THEY’RE museum pieces now. Badged, chromed, finned, gas-guzzling monsters that had their heyday more than half a century ago.
Silky curves, streamlined tails and rocket motifs sold the notion of cars taking journeys to the future.
Symbols of speed, agility and aggression advertised what was under the hood. Sleek styling and ornamentation offered distinctive personality – and form always trumped function if it looked good.
There’s a nostalgic pull towards vehicles like these. The open road with the wind in your hair is all very well……but there are no airbags or power-steering and you can forget sat-nav and the million-and-one other improvements that come as standard on modern vehicle.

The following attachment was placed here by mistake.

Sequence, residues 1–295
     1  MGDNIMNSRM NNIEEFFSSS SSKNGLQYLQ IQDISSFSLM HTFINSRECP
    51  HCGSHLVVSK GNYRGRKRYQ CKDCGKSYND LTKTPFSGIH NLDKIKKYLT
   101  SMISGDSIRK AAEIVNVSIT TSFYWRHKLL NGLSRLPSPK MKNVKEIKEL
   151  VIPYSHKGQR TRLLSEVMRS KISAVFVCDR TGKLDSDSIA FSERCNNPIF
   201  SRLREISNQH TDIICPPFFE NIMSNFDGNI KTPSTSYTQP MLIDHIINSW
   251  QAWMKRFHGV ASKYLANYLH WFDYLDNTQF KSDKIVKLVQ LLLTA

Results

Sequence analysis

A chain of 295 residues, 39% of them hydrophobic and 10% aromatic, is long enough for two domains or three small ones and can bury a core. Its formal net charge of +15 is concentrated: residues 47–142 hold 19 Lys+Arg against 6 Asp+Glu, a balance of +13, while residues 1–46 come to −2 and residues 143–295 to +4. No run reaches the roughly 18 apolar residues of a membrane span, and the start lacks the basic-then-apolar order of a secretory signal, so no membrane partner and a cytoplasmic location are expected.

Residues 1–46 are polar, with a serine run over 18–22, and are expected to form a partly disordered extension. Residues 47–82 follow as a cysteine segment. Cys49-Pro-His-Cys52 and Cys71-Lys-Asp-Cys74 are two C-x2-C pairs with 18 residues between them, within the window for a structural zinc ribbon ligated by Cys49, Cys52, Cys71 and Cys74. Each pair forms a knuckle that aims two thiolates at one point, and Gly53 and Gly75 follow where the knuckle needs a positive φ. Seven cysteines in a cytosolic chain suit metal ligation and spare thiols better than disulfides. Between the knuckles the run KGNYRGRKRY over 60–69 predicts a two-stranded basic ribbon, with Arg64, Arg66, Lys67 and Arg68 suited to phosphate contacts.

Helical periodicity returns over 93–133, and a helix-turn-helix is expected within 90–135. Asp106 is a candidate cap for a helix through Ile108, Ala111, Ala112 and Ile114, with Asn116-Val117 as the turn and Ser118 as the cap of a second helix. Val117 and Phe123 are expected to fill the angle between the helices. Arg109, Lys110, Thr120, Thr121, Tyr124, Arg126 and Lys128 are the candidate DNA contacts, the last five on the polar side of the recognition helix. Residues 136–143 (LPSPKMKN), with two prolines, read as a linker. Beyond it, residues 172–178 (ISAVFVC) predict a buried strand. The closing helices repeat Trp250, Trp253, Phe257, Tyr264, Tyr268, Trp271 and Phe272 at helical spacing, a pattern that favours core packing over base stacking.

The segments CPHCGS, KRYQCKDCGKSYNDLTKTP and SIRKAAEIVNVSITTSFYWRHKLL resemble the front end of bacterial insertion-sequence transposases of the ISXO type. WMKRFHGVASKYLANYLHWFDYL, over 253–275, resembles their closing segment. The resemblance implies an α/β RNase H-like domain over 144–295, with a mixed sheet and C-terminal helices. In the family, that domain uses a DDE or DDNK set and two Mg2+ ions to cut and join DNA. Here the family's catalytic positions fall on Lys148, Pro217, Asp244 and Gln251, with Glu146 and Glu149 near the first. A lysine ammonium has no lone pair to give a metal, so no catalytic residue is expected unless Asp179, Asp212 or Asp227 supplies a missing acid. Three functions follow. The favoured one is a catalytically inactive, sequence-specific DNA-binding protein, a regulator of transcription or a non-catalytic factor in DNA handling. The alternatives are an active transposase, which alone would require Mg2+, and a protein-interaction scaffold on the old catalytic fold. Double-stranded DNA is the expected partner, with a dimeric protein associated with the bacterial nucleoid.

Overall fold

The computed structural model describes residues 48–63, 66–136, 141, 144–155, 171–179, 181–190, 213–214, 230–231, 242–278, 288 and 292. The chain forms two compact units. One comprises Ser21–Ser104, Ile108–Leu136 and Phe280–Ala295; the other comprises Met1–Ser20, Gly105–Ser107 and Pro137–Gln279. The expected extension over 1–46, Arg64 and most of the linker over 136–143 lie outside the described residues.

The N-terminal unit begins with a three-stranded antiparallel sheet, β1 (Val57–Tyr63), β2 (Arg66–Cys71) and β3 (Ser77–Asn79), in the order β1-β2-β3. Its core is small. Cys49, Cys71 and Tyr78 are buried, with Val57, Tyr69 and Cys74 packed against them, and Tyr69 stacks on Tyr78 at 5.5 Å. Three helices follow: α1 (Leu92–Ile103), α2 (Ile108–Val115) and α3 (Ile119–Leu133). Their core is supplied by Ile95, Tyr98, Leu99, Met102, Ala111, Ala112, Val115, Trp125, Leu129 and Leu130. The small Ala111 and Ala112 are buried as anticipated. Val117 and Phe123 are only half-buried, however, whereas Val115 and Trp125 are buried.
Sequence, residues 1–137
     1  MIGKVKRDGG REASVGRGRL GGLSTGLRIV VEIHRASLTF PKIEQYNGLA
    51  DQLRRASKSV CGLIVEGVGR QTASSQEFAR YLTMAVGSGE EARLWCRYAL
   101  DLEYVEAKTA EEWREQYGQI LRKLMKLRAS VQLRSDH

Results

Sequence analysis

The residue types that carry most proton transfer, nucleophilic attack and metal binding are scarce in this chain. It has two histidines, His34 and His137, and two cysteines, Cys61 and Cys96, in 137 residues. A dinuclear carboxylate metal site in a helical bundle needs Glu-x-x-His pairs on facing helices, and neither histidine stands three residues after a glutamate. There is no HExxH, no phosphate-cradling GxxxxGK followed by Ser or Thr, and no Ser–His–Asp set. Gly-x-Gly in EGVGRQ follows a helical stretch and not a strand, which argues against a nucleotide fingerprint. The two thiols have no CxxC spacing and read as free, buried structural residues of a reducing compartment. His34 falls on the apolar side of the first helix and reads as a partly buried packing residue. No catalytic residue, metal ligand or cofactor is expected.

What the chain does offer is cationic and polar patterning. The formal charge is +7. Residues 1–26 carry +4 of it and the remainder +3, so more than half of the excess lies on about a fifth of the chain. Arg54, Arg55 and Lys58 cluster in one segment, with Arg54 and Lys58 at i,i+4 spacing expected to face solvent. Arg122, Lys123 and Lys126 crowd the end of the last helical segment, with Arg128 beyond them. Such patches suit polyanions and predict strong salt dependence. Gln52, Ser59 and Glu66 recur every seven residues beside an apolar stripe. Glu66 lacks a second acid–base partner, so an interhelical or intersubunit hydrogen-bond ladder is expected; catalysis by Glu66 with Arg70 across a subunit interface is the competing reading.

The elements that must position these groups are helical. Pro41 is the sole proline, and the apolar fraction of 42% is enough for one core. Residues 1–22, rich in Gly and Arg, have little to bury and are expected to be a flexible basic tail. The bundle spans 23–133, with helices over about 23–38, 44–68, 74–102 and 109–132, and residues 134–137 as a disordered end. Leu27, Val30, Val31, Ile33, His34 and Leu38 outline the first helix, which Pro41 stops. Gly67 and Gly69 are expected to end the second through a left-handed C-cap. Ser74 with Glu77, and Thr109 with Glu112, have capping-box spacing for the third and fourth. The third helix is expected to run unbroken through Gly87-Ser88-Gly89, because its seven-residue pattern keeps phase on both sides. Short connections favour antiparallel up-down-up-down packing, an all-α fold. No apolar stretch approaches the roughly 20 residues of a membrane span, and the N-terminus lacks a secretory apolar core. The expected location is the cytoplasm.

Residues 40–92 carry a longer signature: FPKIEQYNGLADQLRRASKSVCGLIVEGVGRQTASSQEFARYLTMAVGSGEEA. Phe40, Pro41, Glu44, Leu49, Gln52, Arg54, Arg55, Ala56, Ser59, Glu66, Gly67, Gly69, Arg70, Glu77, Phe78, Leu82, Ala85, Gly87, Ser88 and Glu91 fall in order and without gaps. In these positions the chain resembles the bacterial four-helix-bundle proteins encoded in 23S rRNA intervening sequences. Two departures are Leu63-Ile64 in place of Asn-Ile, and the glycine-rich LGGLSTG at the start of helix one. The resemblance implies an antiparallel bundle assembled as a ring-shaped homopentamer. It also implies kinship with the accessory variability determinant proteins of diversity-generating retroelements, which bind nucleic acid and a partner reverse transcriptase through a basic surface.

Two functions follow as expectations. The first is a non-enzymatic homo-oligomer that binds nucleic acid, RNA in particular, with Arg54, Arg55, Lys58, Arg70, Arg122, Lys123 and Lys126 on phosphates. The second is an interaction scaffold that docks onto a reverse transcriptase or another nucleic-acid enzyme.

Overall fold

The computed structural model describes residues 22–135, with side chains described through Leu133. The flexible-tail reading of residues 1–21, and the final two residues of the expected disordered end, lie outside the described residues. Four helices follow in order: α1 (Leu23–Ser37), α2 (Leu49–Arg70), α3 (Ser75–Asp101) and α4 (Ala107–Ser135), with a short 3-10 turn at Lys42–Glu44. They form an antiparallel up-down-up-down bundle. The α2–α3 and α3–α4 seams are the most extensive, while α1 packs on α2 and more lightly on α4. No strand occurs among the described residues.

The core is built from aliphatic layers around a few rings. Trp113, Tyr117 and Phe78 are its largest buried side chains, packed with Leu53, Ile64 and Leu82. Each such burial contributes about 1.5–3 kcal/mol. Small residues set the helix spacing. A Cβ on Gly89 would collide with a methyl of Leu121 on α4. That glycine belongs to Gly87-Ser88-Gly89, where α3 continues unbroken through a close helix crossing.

Not to mention their dire fuel economy. Think about it. Would you really like a gas guzzler that does only 6-7 mpg? You would? Me too, though in another half century these vehicles may come to symbolize a shallow, destructive culture – if they don’t already.
The LeMay museum is a pistonhead’s dream and even if you don’t count yourself as one of those there’s plenty to absorb.
The history of the car is part of all our lives and with 350 examples on display the context of their evolution is brilliantly told.